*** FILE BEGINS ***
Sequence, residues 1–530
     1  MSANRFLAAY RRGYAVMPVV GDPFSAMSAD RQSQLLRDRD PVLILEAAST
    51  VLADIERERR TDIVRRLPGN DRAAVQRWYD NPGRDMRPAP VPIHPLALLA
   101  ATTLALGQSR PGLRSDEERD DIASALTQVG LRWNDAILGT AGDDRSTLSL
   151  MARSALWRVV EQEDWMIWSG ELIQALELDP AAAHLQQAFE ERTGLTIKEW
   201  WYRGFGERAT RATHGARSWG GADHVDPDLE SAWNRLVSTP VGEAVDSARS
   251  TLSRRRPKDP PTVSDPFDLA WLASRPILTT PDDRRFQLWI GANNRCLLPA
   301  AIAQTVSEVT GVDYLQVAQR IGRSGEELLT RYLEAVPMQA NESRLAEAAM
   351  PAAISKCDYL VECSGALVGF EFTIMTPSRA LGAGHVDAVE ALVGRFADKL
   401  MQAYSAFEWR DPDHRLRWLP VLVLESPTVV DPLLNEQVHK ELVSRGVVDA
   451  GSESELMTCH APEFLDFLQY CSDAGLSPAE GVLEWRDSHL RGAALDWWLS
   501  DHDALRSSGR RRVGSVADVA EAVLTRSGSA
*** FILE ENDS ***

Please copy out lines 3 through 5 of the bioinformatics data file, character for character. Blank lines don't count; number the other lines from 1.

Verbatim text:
    51  VLADIERERR TDIVRRLPGN DRAAVQRWYD NPGRDMRPAP VPIHPLALLA
   101  ATTLALGQSR PGLRSDEERD DIASALTQVG LRWNDAILGT AGDDRSTLSL
   151  MARSALWRVV EQEDWMIWSG ELIQALELDP AAAHLQQAFE ERTGLTIKEW